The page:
An interview and videos in Irkutsk with David Owens, an American visitor.
Hello, my name is David Owens
I am from Rogue River, Oregon.
I am here on a delegation to learn (more) about Russia.
This is my first time to visit Irkutsk and I am very impressed how beautiful it is.
The Lake (Baikal) is the best, really beautiful.
We also have a lake, Crater Lake, in Oregon that is very beautiful.
I am happy to find that.(connection)
We spent some time in Moscow and we saw the big city.
It is very impressive how clean it is, and how kind people were to us.
And we could compare that to American cities, and I have to say Russian cities are very safe and clean.
Now were are in Siberia to learn how Russian people live.
I was very impressed with my host family, Vladimir.
He only served us food that he grew himself.
And the same with the welcoming dinner. All the food came from the persons garden.
And that is also different and very impressive.
I am used to going to the grocery store and that often is all we have (at dinner).
So I admire that about the people we have met, the healthy food they can grow themselves.
I can also say, and probably everybody says this, it is amazing how similar Americans and Russians are when you take away politics and government, and talk person to person.
We’re very similar, and that’s also a great thing to learn.
So, I am hoping to learn a lot more on this trip.
We have a few more days here (Irkutsk) and we’ll be off to St. Petersburg.
Thank you, for letting us visit!
Another thing we saw a lot of (in Irkutsk) was history, because we had heard about being sent to Siberia and that being a terrible thing. And …
The first morning we were going out to Lake Baikal and I was all excited to see this beautiful lake.
Well, the first stop on the road, five miles out of town, we went down a little dirt road and there was just a little simple sign that said, “Memorial.” And we went a little farther and there was just a kind of a forest that had been torn up.
This is a memorial to fifty-thousand people that were buried there and (the mass burial site) was discovered just about 20 years ago.
They found (mass) graves of people who were from all walks of life, that were put there after the Red Army won and anyone who wasn’t comfortable with being a communist in the new program was reported by a neighbor or just unpopular would, end up at this place. So, they found bodies eight-deep, 50,000 of them. They’ve created the beginnings of a monument, there are a few stones engraved, it’s just under construction. Again, not to forget what happened. People are very well of their history and how they turned on each other through that process and they are consciously trying to be more tolerant and go forward in a much better way.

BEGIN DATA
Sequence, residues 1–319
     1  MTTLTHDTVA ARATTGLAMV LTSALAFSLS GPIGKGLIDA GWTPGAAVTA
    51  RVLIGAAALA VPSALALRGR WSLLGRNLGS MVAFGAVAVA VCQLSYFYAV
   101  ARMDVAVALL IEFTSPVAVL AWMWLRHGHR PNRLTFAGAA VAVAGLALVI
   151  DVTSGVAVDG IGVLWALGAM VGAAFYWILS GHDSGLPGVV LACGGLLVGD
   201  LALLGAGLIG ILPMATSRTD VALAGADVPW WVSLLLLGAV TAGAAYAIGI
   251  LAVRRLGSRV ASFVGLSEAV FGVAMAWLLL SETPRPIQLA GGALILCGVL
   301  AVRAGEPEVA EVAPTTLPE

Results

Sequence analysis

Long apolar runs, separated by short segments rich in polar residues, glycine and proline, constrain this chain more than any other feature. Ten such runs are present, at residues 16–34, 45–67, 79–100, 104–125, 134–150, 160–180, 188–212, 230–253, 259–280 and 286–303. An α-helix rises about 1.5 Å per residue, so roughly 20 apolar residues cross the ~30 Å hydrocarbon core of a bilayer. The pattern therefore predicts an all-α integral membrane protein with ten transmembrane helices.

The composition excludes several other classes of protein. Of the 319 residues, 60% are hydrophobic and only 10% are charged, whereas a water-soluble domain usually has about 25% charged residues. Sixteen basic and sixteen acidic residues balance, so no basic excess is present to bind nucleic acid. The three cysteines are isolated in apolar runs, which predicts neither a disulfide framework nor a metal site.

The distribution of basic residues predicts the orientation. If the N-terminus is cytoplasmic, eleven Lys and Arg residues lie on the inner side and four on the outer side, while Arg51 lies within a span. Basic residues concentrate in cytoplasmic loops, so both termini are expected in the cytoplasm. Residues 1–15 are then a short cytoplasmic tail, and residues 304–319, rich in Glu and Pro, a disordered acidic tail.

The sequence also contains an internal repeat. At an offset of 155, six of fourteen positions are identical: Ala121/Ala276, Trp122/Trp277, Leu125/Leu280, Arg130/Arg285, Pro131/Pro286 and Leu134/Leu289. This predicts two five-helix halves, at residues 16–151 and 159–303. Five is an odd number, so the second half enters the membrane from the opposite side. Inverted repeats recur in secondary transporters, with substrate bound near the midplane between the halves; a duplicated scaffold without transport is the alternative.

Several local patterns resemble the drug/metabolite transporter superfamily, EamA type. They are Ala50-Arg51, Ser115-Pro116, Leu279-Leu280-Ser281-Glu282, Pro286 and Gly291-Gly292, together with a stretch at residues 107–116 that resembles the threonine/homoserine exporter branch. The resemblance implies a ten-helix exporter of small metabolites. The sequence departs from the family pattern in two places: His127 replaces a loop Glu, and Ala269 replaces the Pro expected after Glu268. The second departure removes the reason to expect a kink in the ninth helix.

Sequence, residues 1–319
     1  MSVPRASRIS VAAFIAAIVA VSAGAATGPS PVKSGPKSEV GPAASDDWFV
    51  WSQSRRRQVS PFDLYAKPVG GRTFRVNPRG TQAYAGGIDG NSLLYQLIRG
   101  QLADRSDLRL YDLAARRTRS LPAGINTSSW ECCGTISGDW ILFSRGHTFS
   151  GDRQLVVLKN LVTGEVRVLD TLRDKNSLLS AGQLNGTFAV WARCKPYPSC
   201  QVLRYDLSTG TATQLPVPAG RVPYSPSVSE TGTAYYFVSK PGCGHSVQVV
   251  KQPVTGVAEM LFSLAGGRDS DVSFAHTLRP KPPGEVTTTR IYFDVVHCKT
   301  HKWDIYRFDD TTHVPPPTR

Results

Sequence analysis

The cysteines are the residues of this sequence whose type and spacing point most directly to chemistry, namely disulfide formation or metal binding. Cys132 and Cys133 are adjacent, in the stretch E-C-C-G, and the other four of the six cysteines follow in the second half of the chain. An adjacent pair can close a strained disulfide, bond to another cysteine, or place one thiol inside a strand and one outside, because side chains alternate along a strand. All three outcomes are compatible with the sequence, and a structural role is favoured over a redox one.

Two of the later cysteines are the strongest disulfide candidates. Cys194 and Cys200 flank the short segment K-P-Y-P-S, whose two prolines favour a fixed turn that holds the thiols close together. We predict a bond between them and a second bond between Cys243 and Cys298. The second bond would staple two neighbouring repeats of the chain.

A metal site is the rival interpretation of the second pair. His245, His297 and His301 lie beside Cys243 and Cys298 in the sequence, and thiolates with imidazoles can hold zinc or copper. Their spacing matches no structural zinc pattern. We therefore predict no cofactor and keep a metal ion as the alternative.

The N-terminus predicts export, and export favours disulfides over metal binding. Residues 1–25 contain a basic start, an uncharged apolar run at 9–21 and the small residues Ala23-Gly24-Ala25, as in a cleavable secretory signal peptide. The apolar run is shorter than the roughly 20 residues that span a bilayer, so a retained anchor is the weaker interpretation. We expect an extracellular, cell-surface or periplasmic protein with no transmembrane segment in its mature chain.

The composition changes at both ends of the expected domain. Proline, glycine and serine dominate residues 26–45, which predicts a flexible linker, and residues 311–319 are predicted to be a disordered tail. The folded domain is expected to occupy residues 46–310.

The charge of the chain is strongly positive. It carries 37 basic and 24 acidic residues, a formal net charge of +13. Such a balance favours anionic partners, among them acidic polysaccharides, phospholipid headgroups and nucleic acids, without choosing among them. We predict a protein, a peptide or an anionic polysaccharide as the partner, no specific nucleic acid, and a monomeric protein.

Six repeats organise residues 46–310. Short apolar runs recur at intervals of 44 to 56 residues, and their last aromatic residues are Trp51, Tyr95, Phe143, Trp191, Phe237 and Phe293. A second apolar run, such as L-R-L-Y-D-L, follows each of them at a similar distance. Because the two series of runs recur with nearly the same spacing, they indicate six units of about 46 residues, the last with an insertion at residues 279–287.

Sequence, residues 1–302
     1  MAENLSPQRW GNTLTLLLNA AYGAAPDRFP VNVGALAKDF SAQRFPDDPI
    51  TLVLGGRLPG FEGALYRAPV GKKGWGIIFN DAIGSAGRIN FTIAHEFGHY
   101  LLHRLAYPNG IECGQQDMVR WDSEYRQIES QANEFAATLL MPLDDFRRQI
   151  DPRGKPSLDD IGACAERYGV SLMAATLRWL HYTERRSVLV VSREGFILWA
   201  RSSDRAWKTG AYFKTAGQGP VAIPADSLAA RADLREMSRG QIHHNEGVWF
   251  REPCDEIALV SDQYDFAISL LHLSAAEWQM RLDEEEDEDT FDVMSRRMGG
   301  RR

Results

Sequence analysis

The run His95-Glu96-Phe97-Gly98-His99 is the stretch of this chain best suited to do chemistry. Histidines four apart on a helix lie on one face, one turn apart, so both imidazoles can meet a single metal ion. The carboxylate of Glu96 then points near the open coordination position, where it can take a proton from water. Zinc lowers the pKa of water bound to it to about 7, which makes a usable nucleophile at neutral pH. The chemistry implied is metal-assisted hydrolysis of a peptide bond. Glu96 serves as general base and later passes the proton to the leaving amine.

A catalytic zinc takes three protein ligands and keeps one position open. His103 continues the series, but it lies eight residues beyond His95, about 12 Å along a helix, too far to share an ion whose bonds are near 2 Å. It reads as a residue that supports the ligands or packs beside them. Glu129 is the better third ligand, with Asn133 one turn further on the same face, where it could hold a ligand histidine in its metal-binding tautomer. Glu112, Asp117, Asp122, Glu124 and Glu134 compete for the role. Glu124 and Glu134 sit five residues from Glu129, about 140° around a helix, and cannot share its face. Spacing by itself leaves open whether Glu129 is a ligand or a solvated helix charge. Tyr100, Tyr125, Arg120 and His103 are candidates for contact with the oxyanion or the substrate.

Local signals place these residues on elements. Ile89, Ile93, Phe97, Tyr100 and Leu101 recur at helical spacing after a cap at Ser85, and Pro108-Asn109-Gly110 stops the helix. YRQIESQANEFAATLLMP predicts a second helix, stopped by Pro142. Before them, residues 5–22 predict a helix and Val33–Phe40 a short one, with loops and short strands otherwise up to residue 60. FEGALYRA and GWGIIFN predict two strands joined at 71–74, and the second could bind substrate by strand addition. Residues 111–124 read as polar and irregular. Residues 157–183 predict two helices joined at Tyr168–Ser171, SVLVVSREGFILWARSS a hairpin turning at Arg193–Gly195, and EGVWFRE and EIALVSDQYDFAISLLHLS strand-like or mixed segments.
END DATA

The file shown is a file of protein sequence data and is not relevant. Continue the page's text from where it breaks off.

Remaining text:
But that was kind of a sobering moment on our first day.
And then we went out to Lake Baikal saw the museum. We were introduced to the fresh water seals that exist no where else in the world and they are really fat, chubby -uh, anyway, Happy little seals!
Well, we stayed with Vladimir Donskoy, who is an honorary Rotarian, but very much involved with the Rotary Group. The rotary group is about 16 people. The head of it is a young man, Dmitri, who is about 25 years-old. Last year’s president, Alexander, is about 30 years-old. And that was one thing that surprised me and maybe a difference, most Rotary Clubs I have been to tend to be a little more senior. And these guys were open, enthusiastic, very fun to be around, as was our host.
More short videos on Irkutsk. I like to let you walk-along with me without much narration and allow you to experience the scene yourself as much as possible.
A spirited panel discussion with Irkutsk University students on life and politics in both countries.
Full visit and interviews to Drug and Alcohol Rehabiliation Center in Angarsk near Irkutsk. The Center in Angarsk is a live-in program to help people with addictions return to a normal life. Strong on-going support has resulted in a 95% success rate after 5 years.In 1825 120 members of the famed Decembrist movement were exiled to different Siberian cities, including Pushkin and his friend Volkonsky. Very unusual Orthodox Church with petting zoo and koi pond outside.
Large mineral collection from Siberia.
Art of Dashi Namdakov, well-known artist from the Irkutsk area, now living in London. Namdakov is a Buryat artist, sculptor, and jeweler and heir to the Central Asian nomadic culture, raised on the trans-baikal Steppe.
Largest clock museum in Russia at nearby Angarsk, Siberia.
The Baikal Museum on the shore of Lake Baikal.
Znamensky Monastery. Outside the church is a tomb for Grigory Shelekhov, the man who explored North America and claimed Alaska for Russia. Near the entrance is a headstone for Decembrist wife Ekaterina Trubetskaya. Admiral Kolchak, leader of the White Army, was also killed nearby during the Bolshevik revolution.
Meeting with the Great Baikal Trail organization staff and volunteers. Great Baikal Trail is dedicated to the preservation of Siberia’s Lake Baikal, the oldest, 25 million years, and deepest fresh-water lake in the world. The lake contains one fifth of all of the world’s fresh water and is home to hundreds of unique species.
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